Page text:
Computer Bought On eBay Contains 1M Bank Customer Records

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The British press is reporting this morning that a computer purchased for £35 on eBAY contained the personal records of some 1 million customers of Natwest and Royal Bank of Scotland (RBS). The information, according to a story in the London Times, "... is believed to include names, addresses, mobile phone numbers, bank account numbers, sort codes, credit card numbers, mothers' maiden names and even signatures, " as well as " sensitive balance transfer information about American Express credit card customers."

According to a story in the London Guardian, "The computer had belonged to data processing company Mail Source, part of Graphic Data, a firm that holds financial information for organisations, and was originally used at the firm's archive centre in Shoeburyness, Essex."

"The machine had been removed from the company's secure storage facility in Essex and sold on the internet auction site."

"In a statement, Mail Source said it had no idea why the computer was sold on eBay, but added: 'Investigations are still ongoing to find out how this equipment was removed from one of Graphic Data's secure locations.' "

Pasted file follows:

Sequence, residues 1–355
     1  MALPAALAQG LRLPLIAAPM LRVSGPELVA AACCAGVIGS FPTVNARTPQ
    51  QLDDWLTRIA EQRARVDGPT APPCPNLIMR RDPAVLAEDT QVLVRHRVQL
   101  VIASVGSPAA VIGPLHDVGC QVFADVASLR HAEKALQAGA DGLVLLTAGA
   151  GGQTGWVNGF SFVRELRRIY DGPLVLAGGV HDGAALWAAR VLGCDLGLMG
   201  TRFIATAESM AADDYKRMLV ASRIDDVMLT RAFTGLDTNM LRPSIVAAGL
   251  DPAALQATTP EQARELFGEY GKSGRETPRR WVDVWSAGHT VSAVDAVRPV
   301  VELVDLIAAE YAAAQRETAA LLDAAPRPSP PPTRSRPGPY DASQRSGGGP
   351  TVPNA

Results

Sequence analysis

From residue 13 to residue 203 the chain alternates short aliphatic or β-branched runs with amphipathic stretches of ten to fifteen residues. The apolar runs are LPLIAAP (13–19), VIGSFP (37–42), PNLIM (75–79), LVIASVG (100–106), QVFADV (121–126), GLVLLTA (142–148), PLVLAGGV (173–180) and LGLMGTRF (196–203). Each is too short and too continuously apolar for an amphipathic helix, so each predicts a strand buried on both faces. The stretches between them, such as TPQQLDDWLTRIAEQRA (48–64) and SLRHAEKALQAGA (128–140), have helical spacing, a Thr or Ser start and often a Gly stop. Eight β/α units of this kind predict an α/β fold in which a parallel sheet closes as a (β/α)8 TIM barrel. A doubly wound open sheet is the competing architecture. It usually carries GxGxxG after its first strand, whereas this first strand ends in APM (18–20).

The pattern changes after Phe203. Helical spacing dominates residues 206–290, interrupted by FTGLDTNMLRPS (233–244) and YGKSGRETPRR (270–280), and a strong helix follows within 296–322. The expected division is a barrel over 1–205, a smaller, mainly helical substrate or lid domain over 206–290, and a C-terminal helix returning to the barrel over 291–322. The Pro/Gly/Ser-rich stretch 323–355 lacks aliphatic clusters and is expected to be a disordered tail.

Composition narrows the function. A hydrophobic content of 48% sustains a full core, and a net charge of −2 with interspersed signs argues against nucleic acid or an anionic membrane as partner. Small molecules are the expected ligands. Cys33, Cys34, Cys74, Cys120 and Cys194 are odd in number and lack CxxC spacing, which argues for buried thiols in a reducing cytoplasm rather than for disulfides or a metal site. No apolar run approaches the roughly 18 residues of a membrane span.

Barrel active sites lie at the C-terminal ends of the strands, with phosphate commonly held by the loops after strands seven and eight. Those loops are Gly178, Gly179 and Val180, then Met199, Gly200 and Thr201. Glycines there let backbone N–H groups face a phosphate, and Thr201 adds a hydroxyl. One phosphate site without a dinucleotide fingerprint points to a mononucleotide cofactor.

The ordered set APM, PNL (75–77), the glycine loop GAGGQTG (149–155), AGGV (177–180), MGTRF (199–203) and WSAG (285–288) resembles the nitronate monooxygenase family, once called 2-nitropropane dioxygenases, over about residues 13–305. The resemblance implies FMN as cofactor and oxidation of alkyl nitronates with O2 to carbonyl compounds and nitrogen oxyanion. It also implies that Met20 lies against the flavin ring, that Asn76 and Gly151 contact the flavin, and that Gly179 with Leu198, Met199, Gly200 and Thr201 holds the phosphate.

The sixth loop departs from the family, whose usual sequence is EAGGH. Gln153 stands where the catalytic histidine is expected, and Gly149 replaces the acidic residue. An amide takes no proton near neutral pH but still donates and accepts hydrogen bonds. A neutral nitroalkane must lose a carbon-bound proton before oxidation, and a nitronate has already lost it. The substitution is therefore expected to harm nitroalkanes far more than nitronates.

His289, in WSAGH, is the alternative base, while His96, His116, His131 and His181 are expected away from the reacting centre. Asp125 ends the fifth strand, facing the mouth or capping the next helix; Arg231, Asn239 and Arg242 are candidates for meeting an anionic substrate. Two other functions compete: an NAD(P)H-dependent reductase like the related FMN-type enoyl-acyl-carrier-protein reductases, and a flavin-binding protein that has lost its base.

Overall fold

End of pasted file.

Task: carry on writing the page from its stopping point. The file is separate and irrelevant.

Per SOP, Mail Source expressed its regrets.

In another story today, Best Western Hotels, the largest chain of hotels in the world, is denying a story that appeared over the weekend claiming that 8 million of its customer records had been stolen by an India-based hacker. Sunday's story claimed that the details of every customer who had stayed at the 1,312 European Best Westerns from 2007 through 2008 had been compromised.

Best Western claims that this is nonsense and says that at best, only 13 customers at one hotel had been exposed. It is challenging the Glasgow Sunday Herald which published the story to show proof of its claims.

Next, there was another story today in the Washington Post that says there have been more US data breaches so far in 2008 than in all of 2007. Identity Theft Resource Center of San Diego which keeps track of such things claims that 449 U.S. businesses, government agencies and universities have reported losses so far this year as opposed to 446 all of last year.

However, the 22 million customer records "lost" so far in 2008 is only about 1/6th of last year's.

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